I/P Engine, Inc. v. AOL, Inc. et al

Filing 1048

Reply to 963 Order on Motion for Miscellaneous Relief,, Defendants Responsive Brief On Issues Raised In The Courts August 14 Order (Public Version) filed by AOL Inc., Gannett Company, Inc., Google Inc., IAC Search & Media, Inc., Target Corporation. (Noona, Stephen)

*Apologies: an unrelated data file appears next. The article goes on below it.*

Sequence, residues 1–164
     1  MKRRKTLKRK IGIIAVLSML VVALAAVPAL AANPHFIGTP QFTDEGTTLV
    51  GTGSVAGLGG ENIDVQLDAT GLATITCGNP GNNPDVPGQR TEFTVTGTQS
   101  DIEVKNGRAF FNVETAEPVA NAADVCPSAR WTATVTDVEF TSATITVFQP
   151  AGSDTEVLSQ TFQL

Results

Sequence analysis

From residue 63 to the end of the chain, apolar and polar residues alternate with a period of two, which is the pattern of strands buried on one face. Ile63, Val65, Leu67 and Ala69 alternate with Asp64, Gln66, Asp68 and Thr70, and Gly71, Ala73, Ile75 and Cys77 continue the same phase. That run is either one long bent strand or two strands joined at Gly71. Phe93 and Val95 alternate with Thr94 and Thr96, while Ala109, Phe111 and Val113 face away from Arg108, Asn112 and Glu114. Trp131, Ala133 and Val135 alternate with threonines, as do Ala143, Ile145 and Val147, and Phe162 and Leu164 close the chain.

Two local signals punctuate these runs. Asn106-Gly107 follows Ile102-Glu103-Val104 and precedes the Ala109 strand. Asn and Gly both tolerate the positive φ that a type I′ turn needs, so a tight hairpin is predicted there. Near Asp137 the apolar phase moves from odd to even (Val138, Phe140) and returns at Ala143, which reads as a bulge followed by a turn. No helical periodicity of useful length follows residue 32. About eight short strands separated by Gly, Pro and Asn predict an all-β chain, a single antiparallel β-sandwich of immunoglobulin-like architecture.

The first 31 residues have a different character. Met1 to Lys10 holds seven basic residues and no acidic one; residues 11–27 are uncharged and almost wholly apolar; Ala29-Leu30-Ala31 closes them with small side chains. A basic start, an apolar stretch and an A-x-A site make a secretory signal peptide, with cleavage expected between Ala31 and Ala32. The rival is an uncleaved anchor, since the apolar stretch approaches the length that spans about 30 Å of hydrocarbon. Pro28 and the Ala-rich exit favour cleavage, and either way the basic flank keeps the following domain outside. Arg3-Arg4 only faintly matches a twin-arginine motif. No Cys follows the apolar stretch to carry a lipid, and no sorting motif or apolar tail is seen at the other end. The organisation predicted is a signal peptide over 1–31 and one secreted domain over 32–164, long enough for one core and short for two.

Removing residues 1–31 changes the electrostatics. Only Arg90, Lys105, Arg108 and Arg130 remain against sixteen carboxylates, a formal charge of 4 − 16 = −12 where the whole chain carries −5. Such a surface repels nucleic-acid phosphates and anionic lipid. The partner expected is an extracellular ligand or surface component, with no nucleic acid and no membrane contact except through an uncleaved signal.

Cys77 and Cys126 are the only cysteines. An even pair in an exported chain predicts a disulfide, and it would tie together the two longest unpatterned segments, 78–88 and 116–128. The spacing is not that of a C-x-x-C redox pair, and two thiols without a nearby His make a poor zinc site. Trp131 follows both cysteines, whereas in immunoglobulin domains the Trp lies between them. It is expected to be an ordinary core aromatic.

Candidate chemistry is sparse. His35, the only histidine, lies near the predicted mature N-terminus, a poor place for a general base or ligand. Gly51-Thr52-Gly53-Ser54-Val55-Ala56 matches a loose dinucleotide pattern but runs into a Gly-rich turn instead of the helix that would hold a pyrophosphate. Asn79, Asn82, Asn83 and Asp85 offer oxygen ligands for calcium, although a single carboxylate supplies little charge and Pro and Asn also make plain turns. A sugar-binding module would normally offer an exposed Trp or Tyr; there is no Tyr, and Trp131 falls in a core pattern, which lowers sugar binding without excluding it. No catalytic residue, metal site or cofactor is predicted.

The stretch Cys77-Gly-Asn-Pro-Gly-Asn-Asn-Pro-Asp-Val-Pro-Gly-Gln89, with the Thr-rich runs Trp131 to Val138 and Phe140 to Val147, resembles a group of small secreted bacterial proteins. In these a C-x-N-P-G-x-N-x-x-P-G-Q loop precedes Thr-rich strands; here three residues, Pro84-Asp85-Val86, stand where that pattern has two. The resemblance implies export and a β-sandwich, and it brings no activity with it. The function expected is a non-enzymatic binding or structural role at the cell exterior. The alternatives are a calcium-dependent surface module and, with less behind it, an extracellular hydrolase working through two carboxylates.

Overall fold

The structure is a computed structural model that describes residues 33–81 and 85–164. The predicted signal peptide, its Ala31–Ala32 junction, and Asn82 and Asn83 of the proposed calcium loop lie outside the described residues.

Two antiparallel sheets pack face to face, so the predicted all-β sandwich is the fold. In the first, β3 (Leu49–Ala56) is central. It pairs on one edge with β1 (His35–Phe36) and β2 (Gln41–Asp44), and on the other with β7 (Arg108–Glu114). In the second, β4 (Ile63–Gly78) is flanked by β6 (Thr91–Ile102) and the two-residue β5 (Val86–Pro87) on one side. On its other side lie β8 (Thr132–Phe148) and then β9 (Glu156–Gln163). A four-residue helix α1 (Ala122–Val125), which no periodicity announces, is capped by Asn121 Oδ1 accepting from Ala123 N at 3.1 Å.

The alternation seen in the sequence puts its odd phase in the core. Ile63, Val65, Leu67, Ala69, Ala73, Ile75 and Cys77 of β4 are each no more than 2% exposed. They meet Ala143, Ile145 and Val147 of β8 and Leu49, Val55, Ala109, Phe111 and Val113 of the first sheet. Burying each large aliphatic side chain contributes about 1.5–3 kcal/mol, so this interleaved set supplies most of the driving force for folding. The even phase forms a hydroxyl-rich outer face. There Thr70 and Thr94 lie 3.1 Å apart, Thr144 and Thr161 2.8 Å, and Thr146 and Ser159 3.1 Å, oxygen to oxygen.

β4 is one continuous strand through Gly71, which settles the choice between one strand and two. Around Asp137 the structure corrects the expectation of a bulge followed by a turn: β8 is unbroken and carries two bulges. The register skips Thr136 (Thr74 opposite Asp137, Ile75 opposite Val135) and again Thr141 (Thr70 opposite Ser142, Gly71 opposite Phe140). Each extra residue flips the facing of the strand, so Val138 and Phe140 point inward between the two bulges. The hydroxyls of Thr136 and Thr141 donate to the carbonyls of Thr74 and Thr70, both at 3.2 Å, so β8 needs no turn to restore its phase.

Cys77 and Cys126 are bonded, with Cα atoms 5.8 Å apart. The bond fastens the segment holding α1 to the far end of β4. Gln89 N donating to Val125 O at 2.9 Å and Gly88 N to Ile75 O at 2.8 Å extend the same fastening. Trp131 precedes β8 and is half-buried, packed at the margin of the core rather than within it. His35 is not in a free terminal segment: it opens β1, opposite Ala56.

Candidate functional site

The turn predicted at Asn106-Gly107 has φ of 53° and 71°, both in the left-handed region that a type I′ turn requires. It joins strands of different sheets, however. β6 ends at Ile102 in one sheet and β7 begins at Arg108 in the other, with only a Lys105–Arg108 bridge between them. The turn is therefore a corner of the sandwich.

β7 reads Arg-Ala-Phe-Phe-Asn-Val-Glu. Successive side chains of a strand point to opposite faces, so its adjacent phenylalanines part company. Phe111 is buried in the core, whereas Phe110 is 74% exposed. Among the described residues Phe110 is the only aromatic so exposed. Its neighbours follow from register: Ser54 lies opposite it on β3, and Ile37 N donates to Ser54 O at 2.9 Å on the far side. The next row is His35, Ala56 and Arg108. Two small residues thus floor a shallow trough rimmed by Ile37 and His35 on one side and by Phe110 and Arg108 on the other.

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UNITED STATES DISTRICT COURT EASTERN DISTRICT OF VIRGINIA NORFOLK DIVISION I/P ENGINE, INC. Plaintiff, v. AOL, INC., et al., Civil Action No. 2:11-cv-512 Defendants. DEFENDANTS' RESPONSIVE BRIEF REGARDING ISSUES RAISED IN THE COURT'S AUGUST 14 ORDER I. PLAINTIFF FAILS TO SHOW THAT NEW ADWORDS IS A MERE COLORABLE, AND INFRINGING, VARIATION OF OLD ADWORDS Plaintiff fails to apply the "no more than colorably different" standard with anywhere near the degree of rigor required by the Federal Circuit in TiVo, Inc. v. EchoStar Corp., 646 F.3d 869, 883 (Fed. Cir. 2011) (en banc) and nCube Corp. v. SeaChange International, Inc., 732 F.3d 1346 (Fed. Cir. 2013). That rigorous standard requires Plaintiff to show there is not even "a fair ground of doubt as to the wrongfulness of [the defendant's] conduct." Tivo, 646 F.3d at 882. Plaintiff first must show that there are no "significant" differences between Old AdWords and New AdWords, but a mere colorable variation between the two. nCube, 732 F.3d at 1349. In other words, that the differences between Old AdWords and New AdWords are not genuine, but "merely one of appearance." Petter Invs., Inc. v. Hydro Eng'g, Inc., 1:07-CV-1033, 2011 WL 2935411, at *5 (W.D. Mich. July 18, 2011) (applying TiVo, 646 F.3d at 882). If Plaintiff clears this first hurdle, it must then show that New AdWords actually infringes. Tivo, 646 F.3d at 88283. Plaintiff cannot meet its burden on either hurdle. A. New AdWords Is Far More Than Colorably Different from Old AdWords 1. New AdWords Removed the Accused "Filtering" The Federal Circuit's nCube and Tivo standard requires this Court to focus its inquiry "on those elements of the adjudged infringing products that the patentee previously contended, and 1 proved, satisfy specific limitations of the asserted claims." nCube, 732 F.3d at 1349 (quoting TiVo, 646 F.3d at 882). At trial, Plaintiff accused three pre-auction "filtering" steps: a QBB filtering step that used one type of pCTR (but not LTV scores) to disqualify ads from the AdWords auction before any query had been entered, and two other filtering steps that used LTV scores (which include pCTR) to disqualify additional ads from the auction after the query had been entered. (Trial Tr. 494:8-497:1). Plaintiff does not dispute that these accused pre-auction "filtering" steps This alone makes New AdWords more than colorably different, and shows Plaintiff's statements that "[i]n New AdWords . . . the infringing 'filtering' functionality was neither modified nor turned off" (P's Br., 5) and that New AdWords "contains the same functionality that was found to infringe" (id. at 1) are simply not credible. Nevertheless, Plaintiff latches on to the fact that both New and Old AdWords calculate and use an LTV score, suggesting that Google simply moved the use of LTV from a pre-auction to a post-auction stage. (Id.) Plaintiff, however, did not accuse the mere use of pCTR in calculating LTV scores, or even the use of these scores to rank and place ads through the auction. (Trial Tr. 710:4-711:12.) Indeed, one of the accused "filtering" steps, QBB disabling, did not use LTV scores at all. Yet, Plaintiff does not even try to show that a system is only colorably different from a system . And the extensive differences between how New and Old AdWords use LTV scores further defy Plaintiff's position. New AdWords 2 New AdWords Neither Plaintiff nor Dr. Frieder address these differences, much less explain how the two systems could be no more than colorably different despite them. Further, Plaintiff stressed at trial the fact that these pre-auction steps excluded ads from participating in ad auctions, thereby reducing the computational machinery needed to run the auctions, was "filtering." (Ungar Report (D.N. 1024-1) ¶¶ 24-28; Trial Tr. 1067-69 & 1127-28.) As detailed in the report of Dr. Ungar (served before Plaintiff's Opening Brief), Indeed, it is undisputed that, according to Plaintiff's trial arguments, required Old AdWords to disqualify ads from participating in the auction through filtering because the servers could not handle all the ads that otherwise would enter the auction. (Trial Tr. 1067:24-1068:12; 1127:21-1128:11; 1994:1-3.) Plaintiff ignores this undisputed difference between the two systems as well. Plaintiff's failure to meet the threshold requirement of demonstrating that the accused functionality in New AdWords is insignificantly different from the functionality it relied upon for its infringement claims against Old AdWords at trial ends the inquiry. nCube, 732 F.3d at 1349. 2. The "Function-Way-Result" Test Does Not Support Plaintiff Plaintiff argues that the "function-way-result" test for infringement under the doctrine of equivalents shows a mere colorable difference between Old and New AdWords. (P's Br., 7-8.) Initially, the Federal Circuit has never endorsed this approach for the colorable differences 3 inquiry – which, as noted above, is a threshold inquiry that precedes the inquiry into whether the new system actually infringes. nCube, 732 F.3d at 1349. Plaintiff's only authority for applying the function-way-result test to the colorable differences inquiry is a pre-nCube case, ePlus Inc. v. Lawson Software, Inc., No. 3:09-cv-620, 2013 WL 4430912, at *4 (E.D. Va. Mar. 19, 2013), which itself cites only an unpublished district court decision. In fact, the doctrine of equivalents test is inappropriate for multiple reasons, including the fact that it is a test for infringement, not whether there are colorable differences and because it involves comparing a product to a patent claim limitation to determine whether they are equivalents, not comparing a new and old version of a product to one another. Compare Mirror World LLC v. Apple, Inc., 692 F.3d 1351, 1357 (Fed. Cir. 2012) ("A patent is infringed under the doctrine of equivalents if any difference between a given limitation in the asserted claim and the corresponding element in the accused device is insubstantial.") (emphasis added), with nCube, 732 F.3d at 1349 ("If those differences between the old and new elements are significant, the newly accused product as a whole shall be deemed more than colorably different from the adjudged infringing one . . .") (quoting TiVo, 646 F.3d at 882). In any event, even if the "function-way-result" test is applied, it only confirms that New AdWords is more than colorably different from Old AdWords, as demonstrated below: Old AdWords: QBB disabling, Mixer disabling, and Promotion thresholding Function Disqualify low quality ads from the auction to reduce server load and time to perform the auction. (Ungar Report ¶¶ 21-23; Trial Tr. 1067:24-1068:12, 1127:21-1128:11, 1994:1-3; 9.20.13 Furrow Dep. 65:2-24.) Way Disqualify ads before the auction is performed based on a pCTR and/or 4 Old AdWords: QBB disabling, Mixer disabling, and Promotion thresholding LTV score. (Ungar Report ¶¶ 21-23; Trial Tr. 494:8-497:1; 9.20.13 Furrow Dep. 14:23-15:7, 19:17-20:3.) Result A per-slot ad auction system that uses up to two LTV scores calculated for each ad (right-hand-side LTV and top LTV) to disqualify ads from the auction before the auction is performed to reduce server load and equipment costs. (Ungar Report ¶¶ 21-23; Trial Tr. 494:8-497:1, 1067:24-1068:12, 1127:21-1128:11, 1994:1-3; 9.20.13 Furrow Dep. 14:23-15:7, 19:17-20:3, 65:2-24.) In contrast, Plaintiff's application of this test is at such a high level of abstraction that it renders the test meaningless. Plaintiff argues, for example, that the "function" of Old AdWords is to "ensure a 'standard' of the advertisements shown to the user." (P's Br., 8.) But Plaintiff ignores that the function of the accused "filtering" in Old AdWords to reduce server load that Plaintiff asserted was so critical at trial, (Compare Trial Tr. 1067:24-1068:12; 1127:21-1128:11 with Ungar Report ¶ 42.) Also, even the alleged "standard" in New Adwords is different. Old AdWords used a QBB pCTR in QBB disabling. (Ungar Report ¶¶ 34- 36.) Similarly, AdMixer disabling and Promotion thresholding in Old AdWords used one LTV Score for each ad for the top slot and another for the right-hand side slot. Yet, New AdWords 5 (Ungar Report ¶ 49.) Similarly, Plaintiff argues that the "way" is the same because both systems compare "a candidate's LTV score to zero." (P's Br., 8.) But that broad-brush characterization obscures the very different "ways" in which the two systems actually operate and use LTV scores. Again, (Ungar Report ¶¶ 22-23 & 56.) By contrast, (Ungar Report ¶¶ 32, 56; 9.20.13 Furrow Dep. 39:4-41:15.) So not only are the "standards" different as explained above, the two systems have very different "ways" of operation. Plaintiff also ignores the different "results" achieved by the two systems. For example, (Ungar Report ¶¶ 34-35.) Also, (Ungar Report ¶¶ 42 & 45). (Ungar Report ¶ 31.) Old AdWords could not provide the result of this sophisticated analysis (Id. at ¶¶ 29-30.) In other words, the "result" of what ads are shown in New AdWords is squarely different than Old AdWords. In sum, Plaintiff cannot meet its burden of proving that all these undisputed differences between Old AdWords and New AdWords are insignificant. If Plaintiff intends to stretch its 6 patent claims to encompass a substantially redesigned system, it must do so via a new complaint. Arbek Mfg., Inc. v. Moazzam, 55 F.3d 1567, 1570 (Fed. Cir. 1995). B. Plaintiff Fails to Offer Any Support For Its Interpretation of "Filtering" in Arguing that the Does Filtering Plaintiff argues that the use of LTV scores in the meets the "filtering" limitations, but Plaintiff never explains why the Dr. Unger explained in his report (again served before Plaintiff's brief) that filtering "presupposes a plurality of items, with at least the possibility that some items will pass through the filter and others will be excluded."1 (Ungar Report ¶ 69; Defendants' Br. at 10-11.) Plaintiff does not dispute this construction, or explain how New AdWords filters under it. Indeed, there is no dispute that New AdWords cannot "filter" under this construction, becaus Instead, it appears to be Plaintiff's new position that Plaintiff offers no support for this interpretation of filtering, nor could it. At trial, Plaintiff disclaimed its current interpretation when it distinguished prior art on the ground that "filtering does not use a ranked list, but rather is an item-by-item process." (Trial Tr. 1847:1-9, 1851:17-1852:7; Ungar Report ¶¶ 57 & 70-72.) Plaintiff makes no attempt to square its current contention that even though there is no dispute that New AdWords 1 Dr. Frieder previously adopted a similar view of "filtering" in his deposition, stating in a hypothetical that "filtering" football players based on whether they weigh 300 pounds requires saying "I'll take anybody that's over 300 pounds." (Frieder Dep. 46:15-17.) 7 Plaintiff's failure to offer any support for its interpretation of the critical "filtering" limitation shows that there are substantial open issues that cannot be resolved in this truncated post-trial proceeding. II. PLAINTIFF'S POST-JUDGMENT ROYALTY REQUEST IS UNREASONABLE AND INCONSISTENT WITH THE VERDICT A. Plaintiff Cannot Reconcile Its Royalty Request with the Jury Verdict The parties agree that the starting point for the hypothetical negotiation in November 2012 should be the jury verdict. (P's Br., 2.) But the post-judgment royalty that Plaintiff seeks is grossly disproportionate to the jury award. The 7% royalty that Plaintiff now seeks would have resulted in approximately in damages for period that was the subject of the jury's award.2 Yet the jury's award did not remotely approach that amount. The jury awarded just $15.8 million against Google. As Defendants have repeatedly pointed out, and which Plaintiff consistently ignores, the award against Google is the appropriate benchmark given that the award against the remaining Defendants was a result of double counting. (Ugone Report ¶ 17; Trial Tr. 2171:4-11; D.N. 834, 13-14.) The rate Plaintiff urges the Court to adopt is over times the damages awarded against Google. Even ignoring the double counting, the jury awarded $30.5 million against all Defendants combined (D.N. 789 at 11), times less than what Plaintiff urges the Court to adopt. Yet, Plaintiff does not even attempt to reconcile its royalty demand with the jury verdict. 2 Specifically, the apportioned royalty base for the time period subject to the jury's award would be approximately (Ugone Report ¶ 17.) Applying a 7% royalty rate to that base would yield damages of 8 B. Plaintiff's Proposed 7% Royalty Rate Is Based on Irrelevant Licenses and Ignores Contrary Evidence Plaintiff's proposed 7% royalty rate is also unreasonable because it is based on the unreliable opinion of its damages expert, Dr. Becker. Dr. Becker bases his opinion on the same 2005 Overture licenses that he relied on at trial. (Becker Dec. ¶ 7.) Yet Dr. Becker opined at trial that licenses entered into four years from the hypothetical negotiation were "sort of temporally removed" and thus irrelevant. (Trial Tr. 837.) The Overture licenses are now seven years "temporally removed" from the relevant negotiation date. Even if the Overture licenses were an appropriate proxy for the 2012 hypothetical negotiation, the appropriate Overture license to consider would be the license that Google itself entered into for Overture's patents. (Ugone Report ¶ 66.) That license provided for a total payment of only $28.5 million for the lifetime of the patents, which is just the royalty Plaintiff seeks for a single year. (Id.) Neither Dr. Becker nor Plaintiff attempt to address these inconsistencies. Dr. Becker and Plaintiff also cherry-pick and misapply the relevant Georgia-Pacific factors, to the extent they address these factors at all. They ignore the many sales and licenses that are far closer to the date of the November 2012 hypothetical negotiation and that actually involve the patents-in-suit, the numerous additional contributions to the SmartAds system that Google made between 2004 and 2012, and the fact that Google was implementing changes to AdWords that would render it non-infringing. (Ugone Report ¶¶ 10-15 & 37-39.) C. A Willfulness Enhancement Is Not Appropriate Plaintiff argues that the royalty should be enhanced for willfulness by an additional two percentage points. There was no finding or allegation of willfulness at trial, and as this Court has 9 held in an analogous context, it makes little sense to call future infringement "willful" where, instead of seeking an injunction to prevent it, Plaintiff has sought a court-sanctioned royalty.3 Further, there is a reasonable basis for believing that the patents are invalid and not infringed, which precludes willfulness as a matter of law. Powell v. Home Depot U.S.A., Inc., 663 F.3d 1221, 1236-37 (Fed. Cir. 2011). The Federal Circuit will soon decide whether the patent claims are invalid and not infringed as a matter of law. At least for the period prior to that decision, there are objectively reasonable invalidity and non-infringement defenses. Similarly, willfulness requires clear and convincing evidence that the infringer subjectively believed it was infringing a valid patent. Seagate, 497 F.3d at 1371. Plaintiff presents no evidence that anyone at Google has ever had such a subjective belief, especially in light of the invalidity and noninfringement arguments asserted on appeal and the redesign of AdWords. Finally, Plaintiff misapplies the Read factors for determining the size of any willfulness enhancement. The bulk of these factors weigh against any enhancement, including: (1) there is no evidence of copying; (2) Google has a good faith invalidity and non-infringement belief; (3) there has been no misconduct; (4) Google has taken remedial action by redesigning the accused product; (5) there is no evidence of any improper motive; and (6) Google has not attempted to conceal its conduct. Further, Plaintiff's two-percentage point enhancement, by itself, is a multiple of the effective royalty rate applied by the jury at trial. (Ugone Report ¶ 17.) DATED: November 11, 2013 /s/ Stephen E. Noona Stephen E. Noona 3 ActiveVideo Networks, Inc. v. Verizon Commc'ns, Inc., 827 F. Supp. 2d 641, 656 (E.D. Va. 2011) (Jackson, J.) (ongoing post-judgment infringement not willful when authorized by an order staying entry of a permanent injunction), rev'd in part on other grounds, 694 F.3d 1312 (Fed. Cir. 2012); In re Seagate, 497 F.3d 1360, 1374 (Fed. Cir. 2007) (en banc) (a patentee that does not attempt to stop infringement via a preliminary injunction "should not be allowed to accrue enhanced damages based solely on the infringer's post-filing conduct"). 10 Virginia State Bar No. 25367 KAUFMAN & CANOLES, P.C. 150 West Main Street, Suite 2100 Norfolk, VA 23510 Telephone: (757) 624-3000 Facsimile: (757) 624-3169 senoona@kaufcan.com David Bilsker David A. Perlson QUINN EMANUEL URQUHART & SULLIVAN, LLP 50 California Street, 22nd Floor San Francisco, California 94111 Telephone: (415) 875-6600 Facsimile: (415) 875-6700 davidbilsker@quinnemanuel.com davidperlson@quinnemanuel.com Counsel for Google Inc., Target Corporation, IAC Search & Media, Inc., and Gannett Co., Inc. /s/ Stephen E. Noona Stephen E. Noona Virginia State Bar No. 25367 KAUFMAN & CANOLES, P.C. 150 W. Main Street, Suite 2100 Norfolk, VA 23510 Telephone: (757) 624-3000 Facsimile: (757) 624-3169 senoona@kaufcan.com Robert L. Burns FINNEGAN, HENDERSON, FARABOW, GARRETT & DUNNER, LLP Two Freedom Square 11955 Freedom Drive Reston, VA 20190 Telephone: (571) 203-2700 Facsimile: (202) 408-4400 Cortney S. Alexander FINNEGAN, HENDERSON, FARABOW, GARRETT & DUNNER, LLP 3500 SunTrust Plaza 303 Peachtree Street, NE 11 Atlanta, GA 94111 Telephone: (404) 653-6400 Facsimile: (415) 653-6444 Counsel for Defendant AOL Inc. 12 CERTIFICATE OF SERVICE I hereby certify that, on November 11, 2013, I will electronically file the foregoing with the Clerk of Court using the CM/ECF system, which will send a notification of such filing (NEF) to the following: Jeffrey K. Sherwood Kenneth W. Brothers DICKSTEIN SHAPIRO LLP 1825 Eye Street NW Washington, DC 20006 Telephone: (202) 420-2200 Facsimile: (202) 420-2201 sherwoodj@dicksteinshapiro.com brothersk@dicksteinshapiro.com Donald C. Schultz W. Ryan Snow Steven Stancliff CRENSHAW, WARE & MARTIN, P.L.C. 150 West Main Street, Suite 1500 Norfolk, VA 23510 Telephone: (757) 623-3000 Facsimile: (757) 623-5735 dschultz@cwm-law.cm wrsnow@cwm-law.com sstancliff@cwm-law.com Counsel for Plaintiff, I/P Engine, Inc. /s/ Stephen E. Noona Stephen E. Noona Virginia State Bar No. 25367 KAUFMAN & CANOLES, P.C. 150 West Main Street, Suite 2100 Norfolk, VA 23510 Telephone: (757) 624-3000 Facsimile: (757) 624-3169 senoona@kaufcan.com 13